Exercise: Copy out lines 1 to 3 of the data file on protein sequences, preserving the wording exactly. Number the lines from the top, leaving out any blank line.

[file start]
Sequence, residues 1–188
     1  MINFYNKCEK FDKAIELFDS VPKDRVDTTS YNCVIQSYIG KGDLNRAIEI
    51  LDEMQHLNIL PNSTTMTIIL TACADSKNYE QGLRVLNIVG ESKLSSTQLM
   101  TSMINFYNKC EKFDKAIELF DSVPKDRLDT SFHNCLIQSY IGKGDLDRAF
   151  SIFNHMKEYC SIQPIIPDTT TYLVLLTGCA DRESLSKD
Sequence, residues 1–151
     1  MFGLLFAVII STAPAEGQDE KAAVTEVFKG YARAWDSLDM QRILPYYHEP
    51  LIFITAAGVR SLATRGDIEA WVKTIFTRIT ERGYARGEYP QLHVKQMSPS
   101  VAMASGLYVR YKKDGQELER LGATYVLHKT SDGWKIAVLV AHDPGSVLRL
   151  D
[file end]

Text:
Sequence, residues 1–188
     1  MINFYNKCEK FDKAIELFDS VPKDRVDTTS YNCVIQSYIG KGDLNRAIEI
    51  LDEMQHLNIL PNSTTMTIIL TACADSKNYE QGLRVLNIVG ESKLSSTQLM